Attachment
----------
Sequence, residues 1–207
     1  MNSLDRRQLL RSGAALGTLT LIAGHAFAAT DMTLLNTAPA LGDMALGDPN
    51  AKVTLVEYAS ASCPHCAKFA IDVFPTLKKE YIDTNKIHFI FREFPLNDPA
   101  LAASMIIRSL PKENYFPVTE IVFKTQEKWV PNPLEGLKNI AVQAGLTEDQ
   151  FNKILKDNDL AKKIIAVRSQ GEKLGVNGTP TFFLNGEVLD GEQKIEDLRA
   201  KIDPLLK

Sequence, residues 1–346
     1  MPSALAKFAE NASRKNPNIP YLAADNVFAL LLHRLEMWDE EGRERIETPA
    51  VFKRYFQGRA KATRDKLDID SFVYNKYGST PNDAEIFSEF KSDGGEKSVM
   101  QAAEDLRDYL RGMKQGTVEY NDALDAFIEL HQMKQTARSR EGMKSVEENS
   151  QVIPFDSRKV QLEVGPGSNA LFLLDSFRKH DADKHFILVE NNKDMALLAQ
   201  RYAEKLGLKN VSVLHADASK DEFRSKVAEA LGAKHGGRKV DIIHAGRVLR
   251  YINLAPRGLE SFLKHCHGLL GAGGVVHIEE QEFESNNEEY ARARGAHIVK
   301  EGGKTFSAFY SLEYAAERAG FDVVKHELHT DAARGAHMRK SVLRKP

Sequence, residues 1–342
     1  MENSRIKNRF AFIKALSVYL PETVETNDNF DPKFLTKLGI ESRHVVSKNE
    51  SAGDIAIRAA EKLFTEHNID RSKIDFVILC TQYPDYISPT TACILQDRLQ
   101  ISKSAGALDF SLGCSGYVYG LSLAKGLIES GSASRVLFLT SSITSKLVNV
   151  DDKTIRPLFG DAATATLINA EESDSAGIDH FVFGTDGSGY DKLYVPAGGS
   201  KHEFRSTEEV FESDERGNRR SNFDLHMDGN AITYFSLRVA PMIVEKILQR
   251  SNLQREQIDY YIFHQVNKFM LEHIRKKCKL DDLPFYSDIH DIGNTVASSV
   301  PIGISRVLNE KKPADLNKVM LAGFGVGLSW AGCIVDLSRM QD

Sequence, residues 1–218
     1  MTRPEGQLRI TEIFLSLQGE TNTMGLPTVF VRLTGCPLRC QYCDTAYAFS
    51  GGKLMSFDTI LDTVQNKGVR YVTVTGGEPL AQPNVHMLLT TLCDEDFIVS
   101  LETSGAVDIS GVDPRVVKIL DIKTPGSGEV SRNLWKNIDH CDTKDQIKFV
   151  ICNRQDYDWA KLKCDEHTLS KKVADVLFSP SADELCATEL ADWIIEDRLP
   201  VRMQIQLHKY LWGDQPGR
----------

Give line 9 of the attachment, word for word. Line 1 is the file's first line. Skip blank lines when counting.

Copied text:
    51  VFKRYFQGRA KATRDKLDID SFVYNKYGST PNDAEIFSEF KSDGGEKSVM